UChicago Hillel Introduces the Milgrom Fellowship

The Newberger Hillel Center has created a new ten-week summer fellowship for students committed to social justice.

By Daksh Chauhan, Deputy News Editor

The Newberger Hillel Center will begin the Milgrom Social Justice Fellowship, a rigorous 10-week program for students committed to social justice beginning this summer. The program is open to second-, third-, and fourth-year University of Chicago undergraduates and comes with a $5,000 stipend.

The fellowship is a collaboration between Hillel, the Pozen Family Center for Human Rights, and the Fried Public Policy and Service Program. This program is funded by the Hymen Milgrom Supporting Organization, which was created from a $17-million gift from Hymen Milgrom’s estate.

Milgrom (AB ’35) was an entrepreneur who founded multiple companies. He founded his first company Milex Products, Inc., a women’s medical health care company, two years out of college in 1937, and he founded his last one, Innowattech Ltd., in 2008, when he was 94 years old. Milgrom was also a supporter of multiple organizations, including the American Civil Liberties Union, the Hebrew University Medical School, and his alma mater, UChicago.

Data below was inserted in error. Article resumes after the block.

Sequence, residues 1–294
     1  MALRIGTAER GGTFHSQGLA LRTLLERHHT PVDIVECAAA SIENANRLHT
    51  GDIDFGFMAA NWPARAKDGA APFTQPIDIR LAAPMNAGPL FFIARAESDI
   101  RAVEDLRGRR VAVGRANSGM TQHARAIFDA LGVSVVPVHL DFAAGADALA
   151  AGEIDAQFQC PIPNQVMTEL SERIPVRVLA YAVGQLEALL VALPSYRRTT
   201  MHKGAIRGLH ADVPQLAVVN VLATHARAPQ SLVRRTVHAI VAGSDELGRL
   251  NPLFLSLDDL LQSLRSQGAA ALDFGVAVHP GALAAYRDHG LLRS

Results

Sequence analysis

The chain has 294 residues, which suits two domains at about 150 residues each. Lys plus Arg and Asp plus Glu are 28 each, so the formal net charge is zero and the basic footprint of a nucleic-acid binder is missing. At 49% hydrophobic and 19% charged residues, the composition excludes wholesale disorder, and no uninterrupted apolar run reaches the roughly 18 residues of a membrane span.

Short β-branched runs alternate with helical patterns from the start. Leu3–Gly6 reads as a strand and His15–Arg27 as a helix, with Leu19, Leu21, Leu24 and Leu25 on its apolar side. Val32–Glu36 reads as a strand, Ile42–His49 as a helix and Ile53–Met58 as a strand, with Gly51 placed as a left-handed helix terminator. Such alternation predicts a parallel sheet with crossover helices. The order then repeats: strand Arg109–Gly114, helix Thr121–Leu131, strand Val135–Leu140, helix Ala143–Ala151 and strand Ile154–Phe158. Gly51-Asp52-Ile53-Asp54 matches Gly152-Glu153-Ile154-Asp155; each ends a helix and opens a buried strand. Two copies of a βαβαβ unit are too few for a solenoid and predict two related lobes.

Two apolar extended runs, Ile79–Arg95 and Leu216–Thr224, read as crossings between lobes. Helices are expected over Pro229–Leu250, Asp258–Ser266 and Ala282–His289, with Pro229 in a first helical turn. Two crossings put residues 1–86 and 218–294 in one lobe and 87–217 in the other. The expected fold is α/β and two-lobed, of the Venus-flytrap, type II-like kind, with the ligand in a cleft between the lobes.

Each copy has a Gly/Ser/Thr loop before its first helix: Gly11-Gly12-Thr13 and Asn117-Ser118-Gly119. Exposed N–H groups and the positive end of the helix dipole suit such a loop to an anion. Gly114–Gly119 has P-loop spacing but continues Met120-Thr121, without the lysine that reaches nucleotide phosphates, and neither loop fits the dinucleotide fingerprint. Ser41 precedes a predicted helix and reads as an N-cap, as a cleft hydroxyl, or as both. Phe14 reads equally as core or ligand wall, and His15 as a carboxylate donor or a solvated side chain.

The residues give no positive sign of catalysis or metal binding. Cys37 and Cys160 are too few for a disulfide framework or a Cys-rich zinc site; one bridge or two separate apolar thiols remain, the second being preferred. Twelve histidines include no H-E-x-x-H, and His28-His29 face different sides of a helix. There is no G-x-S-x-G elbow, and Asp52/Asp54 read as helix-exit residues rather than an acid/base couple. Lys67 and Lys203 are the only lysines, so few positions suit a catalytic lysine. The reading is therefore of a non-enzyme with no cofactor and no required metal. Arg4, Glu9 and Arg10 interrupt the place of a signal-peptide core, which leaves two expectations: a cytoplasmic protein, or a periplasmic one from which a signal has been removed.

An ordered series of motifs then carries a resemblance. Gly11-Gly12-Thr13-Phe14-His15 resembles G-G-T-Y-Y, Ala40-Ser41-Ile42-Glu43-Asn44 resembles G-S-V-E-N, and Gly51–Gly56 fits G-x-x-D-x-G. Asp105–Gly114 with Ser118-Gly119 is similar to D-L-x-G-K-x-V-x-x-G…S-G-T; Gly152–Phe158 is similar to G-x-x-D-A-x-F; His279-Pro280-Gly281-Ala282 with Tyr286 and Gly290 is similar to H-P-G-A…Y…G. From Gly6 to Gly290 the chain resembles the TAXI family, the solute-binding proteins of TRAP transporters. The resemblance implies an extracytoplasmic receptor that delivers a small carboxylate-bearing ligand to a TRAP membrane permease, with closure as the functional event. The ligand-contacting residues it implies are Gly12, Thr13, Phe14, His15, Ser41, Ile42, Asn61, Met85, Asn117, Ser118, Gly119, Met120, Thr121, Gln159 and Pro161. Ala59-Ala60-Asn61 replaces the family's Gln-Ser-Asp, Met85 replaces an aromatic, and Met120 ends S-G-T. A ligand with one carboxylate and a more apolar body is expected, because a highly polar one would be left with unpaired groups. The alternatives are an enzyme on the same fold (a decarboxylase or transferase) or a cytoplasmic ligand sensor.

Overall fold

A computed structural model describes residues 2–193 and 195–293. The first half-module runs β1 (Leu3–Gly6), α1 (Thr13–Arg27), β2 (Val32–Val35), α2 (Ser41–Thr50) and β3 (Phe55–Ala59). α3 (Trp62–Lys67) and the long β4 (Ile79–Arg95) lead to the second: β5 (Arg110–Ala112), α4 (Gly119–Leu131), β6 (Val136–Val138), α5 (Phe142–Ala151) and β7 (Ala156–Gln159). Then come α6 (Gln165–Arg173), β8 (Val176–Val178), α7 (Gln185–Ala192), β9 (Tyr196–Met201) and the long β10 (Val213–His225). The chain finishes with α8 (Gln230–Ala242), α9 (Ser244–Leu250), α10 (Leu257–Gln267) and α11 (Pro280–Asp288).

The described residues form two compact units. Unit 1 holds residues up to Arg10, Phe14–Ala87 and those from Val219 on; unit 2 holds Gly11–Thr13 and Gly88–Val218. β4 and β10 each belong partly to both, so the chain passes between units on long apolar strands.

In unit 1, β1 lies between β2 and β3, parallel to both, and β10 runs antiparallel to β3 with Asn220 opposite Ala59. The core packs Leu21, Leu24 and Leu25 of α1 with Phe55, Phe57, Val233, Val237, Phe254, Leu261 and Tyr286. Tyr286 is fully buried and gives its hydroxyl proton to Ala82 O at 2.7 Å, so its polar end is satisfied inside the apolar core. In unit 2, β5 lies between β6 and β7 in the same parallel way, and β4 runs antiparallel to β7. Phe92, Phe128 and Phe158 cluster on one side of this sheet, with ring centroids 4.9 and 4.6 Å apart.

The Milgrom fellowship will give students an opportunity to work with Chicago-based nonprofits. These nonprofits include North Lawndale Employment Network, Thresholds, Bronzeville Dream Center and Bright Star Church. Students will be addressing issues in education and workforce readiness in disadvantaged communities. Students interested in careers in social change will also have an opportunity to be exposed to a spectrum of models and career options.

The fellows will also engage in educational seminars to enhance their understanding of social issues. Students are expected to work at least 250 hours throughout the program.

“We look forward to building a cohort of students who learn together and encourage each other in the pursuit of a career social change work. Through this program we honor the memory of Hymen Milgrom and his commitment to access to education and gainful employment for all,” said Anna Levin Rosen, rabbi and executive director of UChicago Hillel.